Barcella, Laura. “CAKE NYC: Reshaping Perceptions of Women’s Sexuality.”
Moxie Magazine. 8 May 2002 <http://www.moxiemag.com/moxie/articles/profiles/cake.html>.
Bartleby.com. The American Heritage® Dictionary of the English Language: Fourth Edition. 2001
( Pornography). 8 May 2002 <http://www.bartleby.com/61/16/P0451600.html>.
(Obscene). 8 May 2002 <http://www.bartleby.com/61/29/O0012900.html>.
Cornell, Drucilla. Oxford Readings in Feminism: Feminism & Pornography. New York: Oxford University Press, 2000.
Cornell, Drucilla. The Imaginary Domain. New York: Routledge, 1995.
Cavalier, Robert. Feminism and Pornography: A Dialogical Perspective. Carnegie Mellon Center for the Advancement of Applied Ethics (CAAE). 8 May 2002 <http://caae.phil.cmu.edu/Cavalier/Forum/pornography/background/CMC_article.html>.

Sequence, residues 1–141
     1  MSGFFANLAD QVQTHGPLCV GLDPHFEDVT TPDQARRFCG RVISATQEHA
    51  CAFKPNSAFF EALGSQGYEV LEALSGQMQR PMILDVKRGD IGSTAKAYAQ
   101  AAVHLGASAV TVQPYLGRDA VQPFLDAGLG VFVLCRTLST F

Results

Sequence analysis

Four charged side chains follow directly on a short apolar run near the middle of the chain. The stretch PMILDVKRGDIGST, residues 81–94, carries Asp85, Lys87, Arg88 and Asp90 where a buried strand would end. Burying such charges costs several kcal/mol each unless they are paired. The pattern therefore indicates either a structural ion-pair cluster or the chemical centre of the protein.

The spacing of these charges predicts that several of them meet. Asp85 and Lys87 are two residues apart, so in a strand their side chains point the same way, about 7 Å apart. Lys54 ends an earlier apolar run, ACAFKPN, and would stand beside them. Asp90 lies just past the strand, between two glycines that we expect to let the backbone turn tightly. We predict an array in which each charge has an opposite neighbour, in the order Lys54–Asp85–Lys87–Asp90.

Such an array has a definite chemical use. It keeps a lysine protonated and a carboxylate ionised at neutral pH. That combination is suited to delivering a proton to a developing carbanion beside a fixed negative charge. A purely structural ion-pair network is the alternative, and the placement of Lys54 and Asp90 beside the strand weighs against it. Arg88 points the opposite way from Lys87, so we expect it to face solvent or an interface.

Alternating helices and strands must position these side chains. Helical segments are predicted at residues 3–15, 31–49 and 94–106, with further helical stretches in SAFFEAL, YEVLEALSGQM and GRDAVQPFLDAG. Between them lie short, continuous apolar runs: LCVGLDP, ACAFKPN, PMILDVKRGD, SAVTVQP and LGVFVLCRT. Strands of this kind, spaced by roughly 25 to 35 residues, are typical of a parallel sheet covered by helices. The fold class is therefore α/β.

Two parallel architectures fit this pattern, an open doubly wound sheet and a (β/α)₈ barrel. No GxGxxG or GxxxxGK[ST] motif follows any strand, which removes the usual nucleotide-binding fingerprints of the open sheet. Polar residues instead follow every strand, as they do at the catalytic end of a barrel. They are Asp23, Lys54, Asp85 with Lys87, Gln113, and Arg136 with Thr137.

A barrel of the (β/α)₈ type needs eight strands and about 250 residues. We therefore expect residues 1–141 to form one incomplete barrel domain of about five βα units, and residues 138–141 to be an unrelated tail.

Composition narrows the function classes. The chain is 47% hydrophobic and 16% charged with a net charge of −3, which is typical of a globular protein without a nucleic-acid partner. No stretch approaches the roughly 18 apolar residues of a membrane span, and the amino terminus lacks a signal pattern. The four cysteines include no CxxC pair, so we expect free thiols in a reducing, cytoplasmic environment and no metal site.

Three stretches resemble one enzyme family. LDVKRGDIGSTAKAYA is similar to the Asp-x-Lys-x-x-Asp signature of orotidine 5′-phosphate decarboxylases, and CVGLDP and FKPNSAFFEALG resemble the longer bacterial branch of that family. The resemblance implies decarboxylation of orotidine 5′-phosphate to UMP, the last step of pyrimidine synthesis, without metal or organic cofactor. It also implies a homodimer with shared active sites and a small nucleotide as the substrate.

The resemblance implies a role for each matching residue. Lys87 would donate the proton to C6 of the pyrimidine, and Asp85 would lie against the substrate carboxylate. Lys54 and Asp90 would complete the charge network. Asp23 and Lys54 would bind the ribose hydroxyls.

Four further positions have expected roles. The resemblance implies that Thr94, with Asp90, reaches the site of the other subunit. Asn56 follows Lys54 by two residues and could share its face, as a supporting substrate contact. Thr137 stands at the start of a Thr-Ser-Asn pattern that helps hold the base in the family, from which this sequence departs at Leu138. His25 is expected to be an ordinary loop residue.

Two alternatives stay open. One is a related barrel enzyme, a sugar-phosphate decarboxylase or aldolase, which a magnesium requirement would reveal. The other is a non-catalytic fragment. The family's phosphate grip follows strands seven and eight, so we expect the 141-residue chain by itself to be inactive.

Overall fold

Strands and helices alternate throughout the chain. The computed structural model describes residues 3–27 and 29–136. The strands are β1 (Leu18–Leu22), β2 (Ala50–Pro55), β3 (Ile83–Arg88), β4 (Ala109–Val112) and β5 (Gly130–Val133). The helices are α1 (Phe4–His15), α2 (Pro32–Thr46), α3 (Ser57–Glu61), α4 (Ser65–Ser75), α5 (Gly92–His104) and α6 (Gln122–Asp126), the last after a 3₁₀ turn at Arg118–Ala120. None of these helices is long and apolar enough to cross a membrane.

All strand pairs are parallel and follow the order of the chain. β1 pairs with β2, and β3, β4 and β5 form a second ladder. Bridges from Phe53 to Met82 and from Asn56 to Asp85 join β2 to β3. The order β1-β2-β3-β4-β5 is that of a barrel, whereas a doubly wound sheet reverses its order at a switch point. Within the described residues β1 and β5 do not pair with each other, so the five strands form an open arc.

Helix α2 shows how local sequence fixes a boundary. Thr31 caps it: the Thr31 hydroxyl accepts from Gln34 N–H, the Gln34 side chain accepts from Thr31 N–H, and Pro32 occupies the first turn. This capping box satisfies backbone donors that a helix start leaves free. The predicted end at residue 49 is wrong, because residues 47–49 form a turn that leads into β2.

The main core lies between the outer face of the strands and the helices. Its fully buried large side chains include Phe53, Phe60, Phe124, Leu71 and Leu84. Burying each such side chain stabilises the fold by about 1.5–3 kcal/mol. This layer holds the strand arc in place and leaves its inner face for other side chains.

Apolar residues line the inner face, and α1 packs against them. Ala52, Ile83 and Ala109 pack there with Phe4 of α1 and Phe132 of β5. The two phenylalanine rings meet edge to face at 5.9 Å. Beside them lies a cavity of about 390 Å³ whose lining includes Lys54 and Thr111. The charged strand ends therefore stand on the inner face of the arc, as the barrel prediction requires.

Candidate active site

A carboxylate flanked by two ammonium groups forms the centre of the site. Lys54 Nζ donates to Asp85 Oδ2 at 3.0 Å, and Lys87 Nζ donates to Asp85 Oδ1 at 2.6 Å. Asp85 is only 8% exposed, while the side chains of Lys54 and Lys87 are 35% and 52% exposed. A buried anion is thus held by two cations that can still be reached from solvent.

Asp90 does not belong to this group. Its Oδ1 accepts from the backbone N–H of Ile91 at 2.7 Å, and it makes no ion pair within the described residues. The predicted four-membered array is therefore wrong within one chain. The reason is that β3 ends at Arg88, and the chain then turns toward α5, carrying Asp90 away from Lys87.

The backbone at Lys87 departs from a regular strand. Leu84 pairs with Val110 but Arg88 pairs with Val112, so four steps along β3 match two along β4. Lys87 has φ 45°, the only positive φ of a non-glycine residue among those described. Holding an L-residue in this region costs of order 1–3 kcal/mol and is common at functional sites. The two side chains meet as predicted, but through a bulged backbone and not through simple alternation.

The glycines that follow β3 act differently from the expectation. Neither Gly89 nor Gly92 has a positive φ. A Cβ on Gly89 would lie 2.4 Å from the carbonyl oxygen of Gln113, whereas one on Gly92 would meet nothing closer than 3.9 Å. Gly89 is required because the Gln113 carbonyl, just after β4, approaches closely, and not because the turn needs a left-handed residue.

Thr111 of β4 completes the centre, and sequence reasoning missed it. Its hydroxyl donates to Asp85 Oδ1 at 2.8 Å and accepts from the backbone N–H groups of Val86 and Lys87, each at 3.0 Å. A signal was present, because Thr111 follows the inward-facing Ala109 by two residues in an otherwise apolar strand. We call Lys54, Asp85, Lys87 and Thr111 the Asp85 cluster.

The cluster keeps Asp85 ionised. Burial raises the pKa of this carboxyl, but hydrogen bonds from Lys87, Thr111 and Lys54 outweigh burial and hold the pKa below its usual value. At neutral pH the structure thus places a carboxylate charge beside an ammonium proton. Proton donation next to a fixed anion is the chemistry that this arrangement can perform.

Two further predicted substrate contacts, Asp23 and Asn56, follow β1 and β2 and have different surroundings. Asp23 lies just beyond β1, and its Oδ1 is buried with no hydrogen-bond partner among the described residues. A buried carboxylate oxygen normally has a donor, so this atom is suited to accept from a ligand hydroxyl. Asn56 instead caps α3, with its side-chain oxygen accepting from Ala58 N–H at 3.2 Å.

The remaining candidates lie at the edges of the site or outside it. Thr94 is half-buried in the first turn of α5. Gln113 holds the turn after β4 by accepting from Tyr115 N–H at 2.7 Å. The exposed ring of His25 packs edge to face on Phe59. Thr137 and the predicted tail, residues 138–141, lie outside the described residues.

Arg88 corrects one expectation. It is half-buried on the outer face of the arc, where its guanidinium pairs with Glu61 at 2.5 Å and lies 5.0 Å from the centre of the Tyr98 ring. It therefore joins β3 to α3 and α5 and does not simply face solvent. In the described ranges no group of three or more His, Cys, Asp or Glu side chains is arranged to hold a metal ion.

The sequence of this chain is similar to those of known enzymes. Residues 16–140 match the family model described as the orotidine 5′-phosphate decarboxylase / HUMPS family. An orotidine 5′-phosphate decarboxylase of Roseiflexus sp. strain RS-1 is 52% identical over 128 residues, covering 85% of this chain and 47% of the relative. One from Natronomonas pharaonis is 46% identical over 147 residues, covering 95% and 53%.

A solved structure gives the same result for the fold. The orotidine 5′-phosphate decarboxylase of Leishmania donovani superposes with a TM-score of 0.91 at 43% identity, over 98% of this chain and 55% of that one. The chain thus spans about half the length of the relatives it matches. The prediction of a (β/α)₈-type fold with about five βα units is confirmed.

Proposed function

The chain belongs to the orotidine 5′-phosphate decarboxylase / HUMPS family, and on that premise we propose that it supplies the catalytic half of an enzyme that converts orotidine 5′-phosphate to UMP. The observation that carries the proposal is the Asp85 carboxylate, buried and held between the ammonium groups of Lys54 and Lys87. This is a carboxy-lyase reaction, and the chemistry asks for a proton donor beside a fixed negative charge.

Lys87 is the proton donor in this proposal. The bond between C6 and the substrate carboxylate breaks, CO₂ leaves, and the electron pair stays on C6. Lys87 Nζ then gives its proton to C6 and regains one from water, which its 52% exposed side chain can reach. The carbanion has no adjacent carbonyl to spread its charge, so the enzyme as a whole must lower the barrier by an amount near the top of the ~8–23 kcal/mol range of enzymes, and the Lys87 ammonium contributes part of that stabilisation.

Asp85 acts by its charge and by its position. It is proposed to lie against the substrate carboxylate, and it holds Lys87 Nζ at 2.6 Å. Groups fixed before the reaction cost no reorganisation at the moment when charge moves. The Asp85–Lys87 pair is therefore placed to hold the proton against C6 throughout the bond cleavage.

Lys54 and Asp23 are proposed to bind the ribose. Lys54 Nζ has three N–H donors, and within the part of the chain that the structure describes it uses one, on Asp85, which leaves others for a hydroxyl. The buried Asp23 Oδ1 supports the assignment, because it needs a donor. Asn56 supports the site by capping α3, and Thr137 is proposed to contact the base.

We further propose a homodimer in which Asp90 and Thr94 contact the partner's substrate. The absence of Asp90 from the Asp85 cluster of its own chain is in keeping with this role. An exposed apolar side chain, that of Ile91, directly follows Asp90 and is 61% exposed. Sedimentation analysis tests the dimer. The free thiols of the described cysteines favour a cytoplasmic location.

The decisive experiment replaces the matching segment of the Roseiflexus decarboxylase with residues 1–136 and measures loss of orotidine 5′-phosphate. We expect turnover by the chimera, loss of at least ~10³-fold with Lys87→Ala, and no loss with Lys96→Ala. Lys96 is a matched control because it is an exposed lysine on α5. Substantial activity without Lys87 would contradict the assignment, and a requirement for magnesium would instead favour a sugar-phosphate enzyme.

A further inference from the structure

Dodson, Betty. “Feminism and Free speech: Pornography.” Feminists for Free Expression 1993. 8 May 2002 <http://www.bettydodson.com/ffe-porn.htm>.
Dworkin, Andrea. “Model Antipornography Civil-Rights Ordinance.” Andrea Dworkin Online Library. Feb. 1994. 8 May 2002 <http://nostatusquo.com/ACLU/dworkin/OrdinanceModelExcerpt.html>.
Juno, Andrea and Vale, V. Angry Women, Re/Search #13. San Francisco, CA: Re/Search Publications, 1991.
McElroy, Wendy. “A Feminist Overview of Pornography, Ending in a Defense Thereof.” WendyMcElroy.com. 8 May 2002 <http://www.zetetics.com/mac/freeinqu.htm>.
Newitz, Annalee. “Obscene Feminists: Why Women Are Leading the Battle Against Censorship.” San Francisco Bay Guardian Online 8 May 2002. 9 May 2002 <http://www.sfbg.com/36/32/news_womenvscensorship.html>.
Russell, Diana E. H., “Nadine Strossen: The Pornography Industry’s Wet Dream” Echo NYC 1995. 8 May 2002 <http://www.echonyc.com/~onissues/russell.htm>.
Strossen, Nadine. Defending Pornography: Free Speech, Sex, and the Fight for Women's Rights. New York: Scribner, 1995.